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Measuring Forest Biomass

The following note appeared in LARCH-L Digest - 14 Jan 2000 to 17 Jan 2000 (#2000-9) (2)

Kurt Skinner raises a good question when he asks how do we know that we are replacing lost biomass after development, when following established landscape ordinances for replanting. American Forests' approach to conserving our urban forests has been on demonstrating the ecological and economic benefits they provide. While trees are not the only component of urban biomass, they are the largest component and one that can be measured. Using research developed by the USDA Forest Service, the Natural Resoruce Conservation Service and others, American Forests has developed a software program called, CITYgreen, a GIS-based program that maps and measures the value of urban forests in terms of stormwater reduction, energy savings from direct shading of trees, and air quality, including the 5 main components of air that EPA measures (carbon monoxide, sulfur dioxide, nitrogen dioxide, ozone, and particulate matter 10 microns or less.) CITYgreen software can model "what if " scenarios to show the benefits of different tree conservation or development designs. This information is valuable to guide future planning and ordinance development. This program can be used to study a site, neighborhood, or entire city using aerial imagery. American Forests has also conducted regional analyses of tree canopy change over time and the benefits lost with dimished heavy tree canopy cover using GIS technology and satellite imagery. Our work has included analyses of the Puget Sound, Chesapeake Bay, and Atlanta Metropolitan areas. This year we will expand our work to Houston, Colorado's Front Range and other areas in the US. For more information on CITYgreen software and American Forests' work on Urban Ecosystem Analyses, see our website at: . Look under trees, cities, and sprawl. Cheryl Kollin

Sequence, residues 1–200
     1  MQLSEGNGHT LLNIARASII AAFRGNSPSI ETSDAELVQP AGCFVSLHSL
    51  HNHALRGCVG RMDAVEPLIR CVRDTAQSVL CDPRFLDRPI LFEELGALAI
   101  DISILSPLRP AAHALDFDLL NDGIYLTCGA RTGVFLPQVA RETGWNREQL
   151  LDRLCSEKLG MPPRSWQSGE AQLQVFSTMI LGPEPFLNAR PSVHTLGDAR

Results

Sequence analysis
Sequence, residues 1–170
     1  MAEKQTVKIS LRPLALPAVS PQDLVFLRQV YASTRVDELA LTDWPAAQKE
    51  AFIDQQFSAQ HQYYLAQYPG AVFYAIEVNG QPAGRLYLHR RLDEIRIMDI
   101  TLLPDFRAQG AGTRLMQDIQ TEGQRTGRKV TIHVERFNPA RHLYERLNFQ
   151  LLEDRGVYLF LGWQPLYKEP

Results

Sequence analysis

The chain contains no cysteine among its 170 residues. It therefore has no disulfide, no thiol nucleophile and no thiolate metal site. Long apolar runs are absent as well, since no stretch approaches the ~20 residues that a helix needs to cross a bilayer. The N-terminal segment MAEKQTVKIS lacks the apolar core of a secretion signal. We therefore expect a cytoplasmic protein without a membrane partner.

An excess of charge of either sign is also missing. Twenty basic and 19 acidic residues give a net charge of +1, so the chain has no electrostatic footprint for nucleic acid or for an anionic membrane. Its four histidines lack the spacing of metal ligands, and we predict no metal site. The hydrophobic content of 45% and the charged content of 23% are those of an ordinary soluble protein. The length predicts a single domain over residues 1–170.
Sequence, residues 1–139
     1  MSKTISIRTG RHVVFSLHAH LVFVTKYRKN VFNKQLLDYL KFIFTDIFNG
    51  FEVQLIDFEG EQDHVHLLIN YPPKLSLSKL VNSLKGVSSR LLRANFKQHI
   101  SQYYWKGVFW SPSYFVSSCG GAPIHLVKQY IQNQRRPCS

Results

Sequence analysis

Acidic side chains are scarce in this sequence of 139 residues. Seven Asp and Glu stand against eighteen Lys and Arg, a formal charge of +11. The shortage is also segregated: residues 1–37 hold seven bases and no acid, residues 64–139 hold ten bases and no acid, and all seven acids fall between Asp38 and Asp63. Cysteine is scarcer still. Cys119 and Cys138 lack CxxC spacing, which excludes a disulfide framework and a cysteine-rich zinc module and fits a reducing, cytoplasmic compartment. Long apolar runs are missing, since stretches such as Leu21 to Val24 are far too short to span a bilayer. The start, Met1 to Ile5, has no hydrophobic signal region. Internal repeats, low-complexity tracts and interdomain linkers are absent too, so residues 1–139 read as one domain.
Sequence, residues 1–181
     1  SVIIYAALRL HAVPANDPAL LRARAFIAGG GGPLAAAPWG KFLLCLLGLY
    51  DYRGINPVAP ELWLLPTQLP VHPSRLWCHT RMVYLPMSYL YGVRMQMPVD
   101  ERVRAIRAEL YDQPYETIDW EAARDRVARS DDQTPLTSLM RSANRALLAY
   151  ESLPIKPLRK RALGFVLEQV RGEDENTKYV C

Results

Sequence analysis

Director, Urban Forest Center, American Forests